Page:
By Momina Tashfeen
Last Wednesday, Asako Osaki, a policy and advocacy expert specializing in gender mainstreaming and empowerment of women and girls, spoke at Ramseyer Hall about the advancement of women in Japan's labor force.
The event was co-hosted by the Institute for Japanese Studies and the Consulate General of Japan in Detroit. Support for the event came from a U.S. Department of Education Title VI grant to The Ohio State University East Asian Studies Center .
Etsuyo Yuasa, director of the East Asian Studies center, said despite movements such as #MeToo supporting women worldwide, Japan is still behind in supporting its women. "Japanese gender equity is very notorious and in the world ranking, Japan is 110 or something," Etsuyo Yuasa, director of the East Asian Studies Center, said. "For an advanced country, it's not a very good situation."
Following introductions, Osaki began by summarizing the scope of her work at the United Nations Development Program, where she served as the program manager at the Bureau for Development Policy."My role was to help developing countries achieve gender equality and women's empowerment, which is a set of goals agreed upon by all member states of the United Nations, " Osaki said. "I was actually managing the global fund to do projects in different countries."
The projects were focused on aiding countries in implementing the elimination of all forms of discrimination against women, a concept Osaki refers to as the global "norm." Osaki has attended many conferences and noted that women empowerment efforts are on the rise, but aren't the focus of the UN exclusively.
"Women empowerment has become one of the priorities for the government of Japan under Prime Minister [Shinzo] Abe," she said. Despite never mentioning women's advancement in his policy discussions in 2005, Abe's focus in 2012 - his comeback year after serving a brief interim term as prime minister from 2006 to 2007 - was all about the empowerment of women, Osaki said.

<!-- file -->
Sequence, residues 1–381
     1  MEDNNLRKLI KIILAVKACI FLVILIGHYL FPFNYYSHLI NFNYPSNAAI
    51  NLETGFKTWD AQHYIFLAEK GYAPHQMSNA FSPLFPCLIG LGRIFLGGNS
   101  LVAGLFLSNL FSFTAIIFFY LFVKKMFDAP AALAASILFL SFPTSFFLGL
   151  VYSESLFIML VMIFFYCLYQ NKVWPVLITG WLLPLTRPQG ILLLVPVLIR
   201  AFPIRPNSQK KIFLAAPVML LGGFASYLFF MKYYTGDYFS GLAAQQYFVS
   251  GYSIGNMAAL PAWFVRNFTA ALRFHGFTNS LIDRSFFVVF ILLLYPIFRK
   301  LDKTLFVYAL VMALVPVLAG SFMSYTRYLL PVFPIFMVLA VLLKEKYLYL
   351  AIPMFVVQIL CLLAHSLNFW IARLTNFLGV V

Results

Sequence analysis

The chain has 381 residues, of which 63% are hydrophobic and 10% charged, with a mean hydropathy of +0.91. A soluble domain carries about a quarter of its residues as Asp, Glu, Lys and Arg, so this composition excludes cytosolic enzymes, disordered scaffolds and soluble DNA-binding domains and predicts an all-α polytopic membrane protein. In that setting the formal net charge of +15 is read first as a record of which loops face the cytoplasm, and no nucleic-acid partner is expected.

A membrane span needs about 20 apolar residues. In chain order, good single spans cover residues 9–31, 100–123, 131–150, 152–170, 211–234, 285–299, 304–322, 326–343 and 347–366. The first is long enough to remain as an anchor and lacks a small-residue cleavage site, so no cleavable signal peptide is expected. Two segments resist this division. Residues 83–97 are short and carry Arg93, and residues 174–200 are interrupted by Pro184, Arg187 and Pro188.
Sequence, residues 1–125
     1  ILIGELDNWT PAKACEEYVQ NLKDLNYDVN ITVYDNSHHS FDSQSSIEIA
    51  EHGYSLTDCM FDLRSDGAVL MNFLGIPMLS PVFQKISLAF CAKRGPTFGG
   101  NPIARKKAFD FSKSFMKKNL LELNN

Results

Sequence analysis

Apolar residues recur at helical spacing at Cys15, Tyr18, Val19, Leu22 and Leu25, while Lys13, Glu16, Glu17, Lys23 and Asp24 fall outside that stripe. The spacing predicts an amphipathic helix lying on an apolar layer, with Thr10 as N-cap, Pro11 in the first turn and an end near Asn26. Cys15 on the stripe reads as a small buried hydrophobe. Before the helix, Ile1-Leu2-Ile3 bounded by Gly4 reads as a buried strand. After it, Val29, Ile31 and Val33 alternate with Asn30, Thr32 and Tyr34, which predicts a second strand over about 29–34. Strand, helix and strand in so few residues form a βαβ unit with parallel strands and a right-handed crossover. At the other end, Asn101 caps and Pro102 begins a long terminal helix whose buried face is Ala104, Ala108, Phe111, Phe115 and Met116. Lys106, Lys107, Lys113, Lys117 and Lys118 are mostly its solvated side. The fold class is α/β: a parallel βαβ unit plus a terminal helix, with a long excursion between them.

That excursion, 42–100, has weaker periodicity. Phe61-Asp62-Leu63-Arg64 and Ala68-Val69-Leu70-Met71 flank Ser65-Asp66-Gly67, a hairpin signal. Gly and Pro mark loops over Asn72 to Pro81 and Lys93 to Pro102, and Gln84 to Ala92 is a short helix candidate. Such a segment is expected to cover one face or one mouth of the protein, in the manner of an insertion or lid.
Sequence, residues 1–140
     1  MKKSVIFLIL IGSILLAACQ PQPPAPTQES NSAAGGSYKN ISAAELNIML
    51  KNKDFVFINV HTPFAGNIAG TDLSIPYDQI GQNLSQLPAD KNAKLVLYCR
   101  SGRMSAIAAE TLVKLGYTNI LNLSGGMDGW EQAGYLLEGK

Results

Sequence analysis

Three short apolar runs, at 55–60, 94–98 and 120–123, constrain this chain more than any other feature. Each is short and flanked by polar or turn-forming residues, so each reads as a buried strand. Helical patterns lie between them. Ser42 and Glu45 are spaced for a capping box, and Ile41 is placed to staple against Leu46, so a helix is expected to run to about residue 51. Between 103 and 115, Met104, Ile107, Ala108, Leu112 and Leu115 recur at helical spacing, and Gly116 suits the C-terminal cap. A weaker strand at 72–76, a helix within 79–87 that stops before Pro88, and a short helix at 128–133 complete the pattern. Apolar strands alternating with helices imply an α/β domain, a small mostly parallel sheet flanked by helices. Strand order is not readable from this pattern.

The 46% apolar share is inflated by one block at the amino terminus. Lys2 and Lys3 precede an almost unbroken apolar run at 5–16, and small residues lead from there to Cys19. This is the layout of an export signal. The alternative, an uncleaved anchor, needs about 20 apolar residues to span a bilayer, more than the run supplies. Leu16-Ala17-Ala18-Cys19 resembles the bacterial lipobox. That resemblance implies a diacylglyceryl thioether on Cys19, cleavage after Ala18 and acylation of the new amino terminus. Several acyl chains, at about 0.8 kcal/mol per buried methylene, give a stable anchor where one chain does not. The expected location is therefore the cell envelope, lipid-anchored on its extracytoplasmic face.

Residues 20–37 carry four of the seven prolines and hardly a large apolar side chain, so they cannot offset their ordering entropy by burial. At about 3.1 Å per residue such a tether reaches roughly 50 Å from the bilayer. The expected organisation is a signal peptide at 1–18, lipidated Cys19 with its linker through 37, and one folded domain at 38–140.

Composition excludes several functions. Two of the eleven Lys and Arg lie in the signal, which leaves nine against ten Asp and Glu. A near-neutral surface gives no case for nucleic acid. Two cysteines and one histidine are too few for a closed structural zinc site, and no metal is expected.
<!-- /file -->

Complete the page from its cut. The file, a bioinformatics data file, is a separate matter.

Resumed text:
"Achieving gender equality is not just the right thing to do, it's the wise thing to do," she said. "The World Bank started to look at the impact of investment in the economic empowerment of women in developing countries. In their analysis, they've decided that gender equality and the empowerment of women is a good investment."
When mothers are empowered through education, health or economic independence, that directly translates into the welfare of the rest of her family members, especially children, Osaki said. This trickling down is what she calls the "domino effect."
"The investment in women empowerment doesn't just stay with women," she said. "If you have more families like that, the wellbeing of the community members is uplifted, and the country as a whole becomes healthier, more educated and more productive."
When comparing and contrasting the typical gender roles, Osaki pointed out the rate of unpaid and paid work by gender and how this is a major indicator of gender inequality. Women's unpaid work includes household duties and being caretaker of the young or elderly, which isn't perceived as empowering, and instead gets in the way of pursuing an education or career. "Both [the] man and woman work, but one type of work gives you power and comes with money, the other type of work, although important, it doesn't come with power," Osaki said. However, the times have changed.
Presented on a graph, Osaki showed a significant increase in dual-income households in Japan from 1980 to 2016. There is a significant decrease in single income households in the same years. Another set of statistics shows trends that suggest the ratio in aging population and new labor force is imbalanced, suggesting serious economic and physical implications.
"This is going to mean the shortage of labor force, and that'll have an implication on the tax revenue and social security because we're going to have a huge old population and a small productive population," Osaki said. It's in this context, the prime minister introduced the idea of a society in which women are empowered to enter the workforce in order to sustain and encourage growth.
"He said he was going to increase women's labor participation and increase the percentage of women in decision making and leadership positions in public and private sectors, he even came up with a numerical target of 36 percent increase," Osaki said. Abe made this pledge to the world and presented his growth strategy to the UN, World Economic Forum, and The New York Stock Exchange, making it an international commitment.
The author is a journalist.
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